On the Passing of Old Trees

Within driving distance of where I live stood one of the oldest living trees in the world, until today.

“The Senator,” as the tree was known, held its ground for an estimated 3,500 years. Monday morning it caught fire and collapsed. The cause of the fire is unknown.

This was terribly sad news. How odd to consider that something that lasted for so long and endured so much came to its end in one’s own lifetime.

But how do we begin to asses this sort of loss? It points out the woeful inadequacy of our preference for quantifiable measures, none of which could possibly account for the passing of old trees.

One measure of the tree’s significance suggested itself to me when a local station interviewed a woman who came to the fallen tree this morning with an old black and white photograph. Coming to the tree had been a part of her family’s history. The tree marked time for her. In one sense, it marks time for all of us.

America is not a land of ruins that might engrave in our imagination a feeling for the depth of history. There is very little by which we might take the measure of our lives, and less still that might suggest to us the ephemeral nature of the days with which we have been gifted  and to discourage us from adopting the pretensions of presumed timelessness.

This tree, when it was looked upon and thought of, did just that.

Ursula Le Guin once wrote of one of her characters, “he believed that the wise man is one who never sets himself apart from other living things, whether they have speech or not, and in later years he strove long to learn what can be learned, in silence, from the eyes of animals, the flight of birds, the great slow gestures of trees.”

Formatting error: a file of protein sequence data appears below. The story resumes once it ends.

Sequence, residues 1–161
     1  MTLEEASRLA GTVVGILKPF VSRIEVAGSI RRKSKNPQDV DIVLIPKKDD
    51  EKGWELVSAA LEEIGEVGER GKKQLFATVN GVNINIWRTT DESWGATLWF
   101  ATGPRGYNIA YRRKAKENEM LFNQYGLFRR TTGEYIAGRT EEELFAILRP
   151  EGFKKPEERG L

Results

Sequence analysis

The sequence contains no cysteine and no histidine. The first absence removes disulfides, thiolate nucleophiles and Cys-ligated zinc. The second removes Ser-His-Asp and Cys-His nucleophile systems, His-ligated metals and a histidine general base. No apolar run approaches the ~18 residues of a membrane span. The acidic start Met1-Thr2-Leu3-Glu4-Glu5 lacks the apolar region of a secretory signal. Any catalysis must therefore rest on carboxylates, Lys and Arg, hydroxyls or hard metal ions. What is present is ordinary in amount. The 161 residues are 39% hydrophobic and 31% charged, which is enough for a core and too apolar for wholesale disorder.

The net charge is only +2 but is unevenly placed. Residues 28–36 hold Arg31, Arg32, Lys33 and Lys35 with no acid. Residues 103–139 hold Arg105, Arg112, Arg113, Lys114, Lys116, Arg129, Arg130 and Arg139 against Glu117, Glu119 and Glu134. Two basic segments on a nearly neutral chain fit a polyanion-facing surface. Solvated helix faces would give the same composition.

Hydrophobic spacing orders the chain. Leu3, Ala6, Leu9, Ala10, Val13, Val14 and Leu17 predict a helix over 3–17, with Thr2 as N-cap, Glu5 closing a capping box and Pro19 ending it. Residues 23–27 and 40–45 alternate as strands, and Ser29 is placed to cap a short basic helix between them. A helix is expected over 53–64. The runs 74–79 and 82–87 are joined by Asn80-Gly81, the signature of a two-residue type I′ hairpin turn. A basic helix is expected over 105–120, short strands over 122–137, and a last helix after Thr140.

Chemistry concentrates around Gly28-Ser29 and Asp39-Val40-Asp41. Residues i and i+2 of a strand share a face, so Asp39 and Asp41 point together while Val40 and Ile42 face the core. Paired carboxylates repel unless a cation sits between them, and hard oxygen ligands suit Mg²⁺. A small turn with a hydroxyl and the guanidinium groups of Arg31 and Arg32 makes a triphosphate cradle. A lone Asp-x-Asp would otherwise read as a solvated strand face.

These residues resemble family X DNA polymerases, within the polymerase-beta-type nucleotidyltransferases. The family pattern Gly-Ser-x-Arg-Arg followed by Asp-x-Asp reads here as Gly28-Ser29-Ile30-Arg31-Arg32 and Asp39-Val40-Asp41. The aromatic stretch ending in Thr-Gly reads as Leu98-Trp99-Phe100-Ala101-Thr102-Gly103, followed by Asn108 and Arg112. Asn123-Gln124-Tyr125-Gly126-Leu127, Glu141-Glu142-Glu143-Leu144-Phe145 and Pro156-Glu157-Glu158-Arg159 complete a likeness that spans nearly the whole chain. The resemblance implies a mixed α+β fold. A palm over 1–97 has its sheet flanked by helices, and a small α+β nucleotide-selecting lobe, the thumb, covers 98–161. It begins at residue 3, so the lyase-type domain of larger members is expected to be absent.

That seems just about right.

Photo by Anthony Scotti via Wikimedia Commons

4 thoughts on “On the Passing of Old Trees

  1. A beautiful and thoughtful eulogy. There are so few ancient trees left today that people flock to see them, to look up and wonder at their height, to touch their bark and marvel at the layers of the years held within their trunks. A sad parting, and as with all partings, reflections to be made and lessons to be learned.

  2. I am a regular reader but a silent one, and I just had to comment abotu this because even though I read it a few days ago, its still staying with me. I love trees, I wish I knew why, but I love trees and I am dumbfounded that such an old tree existed in Seminole County Florida just miles from where my parents live. I’ve driven by that area countless tims and I never knew. Had I known I would have rushed to it. . . and now it’s gone.

    When I’ve traveled overseas to Europe, Asia, etc everything is so old and full of history. As you said, when you step inside a 2,000 year old Church or 1,200 year old Mosque, it really does put your own life in perspective. We are surrounded by so much new, so much alikeness that we truly can think each day is ours to waste or flit away.

    Thank you for this beautifully stated reminder.

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